test platform for running (autonomous) service-based tests.
4. Module Stack
Figure 2. Schematic of jar files stack.
Figure 2 might be able to show how the individual jar files can be
used, or combined:
If you are just interested in the server, you can use the licas.jar file from the server folder.
The problem-solving package sits on-top of the main licas package and adds some more AI-related features, to
allow for more intelligent processing of information. It is also able to make use of all of the licas features and can
be used for distributed or centralised problem-solving. In the download therefore, in the solver folder, you can use the
licas_solver.jar file to access both the main licas server and also the problem-solving classes.
file is also provided in the services folder, but it is more useful through the All-in-One GUI that already integrates
all of the modules together.
If you go up the left-hand module stack therefore, you can create and run services on a SOA platform. If you go up the right-hand side, you can create and run AI tests.
Using these jars in code still requires a fair amount of programming and so the
All-in-One GUI provides access to these classes through its interfaces. It also allows you to plug-in or add your own
classes, or jar files. While both the problem-solver and the server are open source, they both use other licas packages
that provide more AI-related features, text processing and other features. These are included in the main jar builds, but
are not open source. The ai_heuristic package is particularly relevant for the problem-solver and its Javadoc API is
available from here
. As the classes continually change, it would be advisable to check on what is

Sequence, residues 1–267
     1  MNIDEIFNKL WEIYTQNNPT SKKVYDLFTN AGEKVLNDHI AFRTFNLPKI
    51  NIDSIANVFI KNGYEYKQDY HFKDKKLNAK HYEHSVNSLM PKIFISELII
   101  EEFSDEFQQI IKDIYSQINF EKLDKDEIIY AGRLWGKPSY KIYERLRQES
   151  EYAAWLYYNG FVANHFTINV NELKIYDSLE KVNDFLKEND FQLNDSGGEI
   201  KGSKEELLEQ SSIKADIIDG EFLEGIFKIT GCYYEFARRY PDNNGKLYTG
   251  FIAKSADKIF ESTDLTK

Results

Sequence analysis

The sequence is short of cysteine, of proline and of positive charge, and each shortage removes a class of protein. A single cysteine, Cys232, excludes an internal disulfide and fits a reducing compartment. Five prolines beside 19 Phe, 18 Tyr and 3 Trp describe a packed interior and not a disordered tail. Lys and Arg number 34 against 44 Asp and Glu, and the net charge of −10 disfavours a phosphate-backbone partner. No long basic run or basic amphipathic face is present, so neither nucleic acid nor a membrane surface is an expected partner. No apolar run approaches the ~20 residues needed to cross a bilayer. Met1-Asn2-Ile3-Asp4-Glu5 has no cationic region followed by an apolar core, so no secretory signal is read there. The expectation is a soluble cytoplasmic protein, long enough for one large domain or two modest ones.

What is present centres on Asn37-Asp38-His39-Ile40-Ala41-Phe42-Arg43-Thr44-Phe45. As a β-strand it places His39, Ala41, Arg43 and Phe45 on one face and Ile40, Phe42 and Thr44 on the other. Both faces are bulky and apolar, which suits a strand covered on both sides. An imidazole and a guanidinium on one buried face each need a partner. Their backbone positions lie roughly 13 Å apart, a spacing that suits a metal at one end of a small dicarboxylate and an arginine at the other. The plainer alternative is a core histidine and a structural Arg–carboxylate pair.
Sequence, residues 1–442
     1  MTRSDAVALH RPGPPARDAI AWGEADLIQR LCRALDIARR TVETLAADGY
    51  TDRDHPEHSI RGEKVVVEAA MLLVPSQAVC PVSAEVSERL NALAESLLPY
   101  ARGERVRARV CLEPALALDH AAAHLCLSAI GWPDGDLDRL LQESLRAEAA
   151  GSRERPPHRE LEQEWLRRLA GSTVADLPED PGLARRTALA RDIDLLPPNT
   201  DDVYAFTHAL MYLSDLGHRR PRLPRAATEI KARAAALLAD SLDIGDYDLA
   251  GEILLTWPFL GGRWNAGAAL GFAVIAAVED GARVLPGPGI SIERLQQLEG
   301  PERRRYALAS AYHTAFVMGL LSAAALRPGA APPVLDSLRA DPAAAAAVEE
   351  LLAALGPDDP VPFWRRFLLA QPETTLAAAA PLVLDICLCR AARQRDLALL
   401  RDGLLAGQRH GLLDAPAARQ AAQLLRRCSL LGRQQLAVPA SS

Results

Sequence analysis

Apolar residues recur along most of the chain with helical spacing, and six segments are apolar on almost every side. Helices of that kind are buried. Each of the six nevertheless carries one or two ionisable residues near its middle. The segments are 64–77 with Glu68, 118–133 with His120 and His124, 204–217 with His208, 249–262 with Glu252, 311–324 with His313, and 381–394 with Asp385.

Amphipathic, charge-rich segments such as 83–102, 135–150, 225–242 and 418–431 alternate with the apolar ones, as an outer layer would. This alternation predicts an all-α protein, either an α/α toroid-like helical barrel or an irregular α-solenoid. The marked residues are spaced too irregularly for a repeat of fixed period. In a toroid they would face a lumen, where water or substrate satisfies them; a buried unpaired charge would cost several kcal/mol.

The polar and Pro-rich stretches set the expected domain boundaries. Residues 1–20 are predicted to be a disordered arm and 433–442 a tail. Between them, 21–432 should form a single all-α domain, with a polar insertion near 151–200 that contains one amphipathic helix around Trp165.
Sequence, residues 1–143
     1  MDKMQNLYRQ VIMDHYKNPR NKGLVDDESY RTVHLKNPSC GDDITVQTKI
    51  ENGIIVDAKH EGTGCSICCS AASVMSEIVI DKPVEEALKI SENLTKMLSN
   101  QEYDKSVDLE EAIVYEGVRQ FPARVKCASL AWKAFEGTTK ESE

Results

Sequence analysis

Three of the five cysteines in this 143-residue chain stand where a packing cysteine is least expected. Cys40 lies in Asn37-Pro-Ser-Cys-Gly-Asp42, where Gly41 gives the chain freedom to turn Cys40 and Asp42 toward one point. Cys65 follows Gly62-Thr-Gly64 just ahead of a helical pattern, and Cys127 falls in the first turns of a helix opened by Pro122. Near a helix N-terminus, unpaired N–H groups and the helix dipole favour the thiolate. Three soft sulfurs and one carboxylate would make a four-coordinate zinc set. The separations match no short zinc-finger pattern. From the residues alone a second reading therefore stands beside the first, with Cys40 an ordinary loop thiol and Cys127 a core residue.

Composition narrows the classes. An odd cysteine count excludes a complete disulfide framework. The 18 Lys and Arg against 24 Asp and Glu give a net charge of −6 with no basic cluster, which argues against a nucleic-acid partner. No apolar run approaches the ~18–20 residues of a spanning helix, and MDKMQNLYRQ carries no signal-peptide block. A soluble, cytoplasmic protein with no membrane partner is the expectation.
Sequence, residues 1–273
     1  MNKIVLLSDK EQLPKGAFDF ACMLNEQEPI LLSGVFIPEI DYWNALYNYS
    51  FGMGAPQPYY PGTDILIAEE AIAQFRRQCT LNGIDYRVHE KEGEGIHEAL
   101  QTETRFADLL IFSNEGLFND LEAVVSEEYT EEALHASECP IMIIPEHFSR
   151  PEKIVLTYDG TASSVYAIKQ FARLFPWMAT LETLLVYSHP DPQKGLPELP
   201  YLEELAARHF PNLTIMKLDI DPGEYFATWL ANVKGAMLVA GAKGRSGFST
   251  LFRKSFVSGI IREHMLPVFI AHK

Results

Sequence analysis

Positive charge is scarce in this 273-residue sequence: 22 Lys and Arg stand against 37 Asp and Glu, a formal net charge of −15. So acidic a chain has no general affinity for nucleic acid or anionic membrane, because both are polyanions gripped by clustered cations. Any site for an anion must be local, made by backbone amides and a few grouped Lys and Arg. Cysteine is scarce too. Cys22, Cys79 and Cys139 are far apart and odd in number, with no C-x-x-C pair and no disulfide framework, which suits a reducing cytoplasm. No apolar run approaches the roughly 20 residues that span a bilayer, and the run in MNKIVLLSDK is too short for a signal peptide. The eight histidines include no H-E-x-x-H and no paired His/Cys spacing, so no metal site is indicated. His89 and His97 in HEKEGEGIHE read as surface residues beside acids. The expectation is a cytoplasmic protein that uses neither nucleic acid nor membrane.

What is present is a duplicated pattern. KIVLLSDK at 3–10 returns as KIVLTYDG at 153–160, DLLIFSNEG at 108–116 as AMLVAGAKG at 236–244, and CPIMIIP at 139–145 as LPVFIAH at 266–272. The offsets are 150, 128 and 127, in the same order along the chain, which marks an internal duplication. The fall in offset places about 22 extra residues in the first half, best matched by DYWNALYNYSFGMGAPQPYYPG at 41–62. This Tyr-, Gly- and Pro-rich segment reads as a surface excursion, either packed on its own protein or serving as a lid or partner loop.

available from time to time.
The key features are therefore:
- The capability to build distributed networks of (autonomic)
- Java-based or Web-based clients.
- Local or remote communication capabilities, including an
XML-RPC message passing mechanism, Web Services (SOAP or RESTful),
or HTTP request.
- All-in-one GUI for viewing or testing your networks. Not open
source, but provided free for personal use.
- A set of service applications comes free with the GUI.
- Framework for adding an Autonomic Manager and policy scripts
to a service.
- Framework for adding metadata, with default query and script
- Permanent and dynamic linking mechanisms, to construct
- Service wrapper classes allowing legacy code to be loaded.
- Problem-solving framework, allowing for the addition of more
complex heuristic search processes.
- Java J2SE 1.5 compatible.
The server has a limited Browser-based interface for returning HTML or other, directly
from an HTTP address. This can then be converted and read, as a
standard web server would provide. Currently, only HTML and image
in the HTML file, but a lightweight web server is possible.
Web Services Invocation
The system uses a default XML-RPC message passing mechanism, but there is also the possibility
for making Web Service calls. The open source package also contains a
WSDL parser and classes for making dynamic SOAP web service calls. This is not based on static
stub classes, but is built dynamically from parsed WSDL documents. The licas server is a Web server but not a web service. It can be
invoked like one however, because it accepts String-based messages and
can automatically parse them into the correct format for further
processing. It can therefore accept HTTP POST requests, with REST-style messages from web
pages, where an example is provided as part of the download package.
The licas software probably requires J2SE 1.5 now, to be fully
compatible with all of the third-party jar files as well.
As the server accepts REST-style messages, it can be communicated with
through AJAX or simply HTTP requests from HTML web pages, making it
mobile-compatible. The All-in-One GUI is J2SE 1.6 compatible however
and is more useful as a desktop-based system.
A more lightweight server GUI has been written, to accommodate a mobile client. It is written in JavaFX and can be downloaded from the
site. This is free for use in a commercial system, but
is not as configurable.
See also the
version history or bug fixes pages for details about
the current or future changes.
Author: Kieran Greer,
Distributed Computing Systems
For any queries about the software package, please contact the project
The awards are listed on the main DCS site.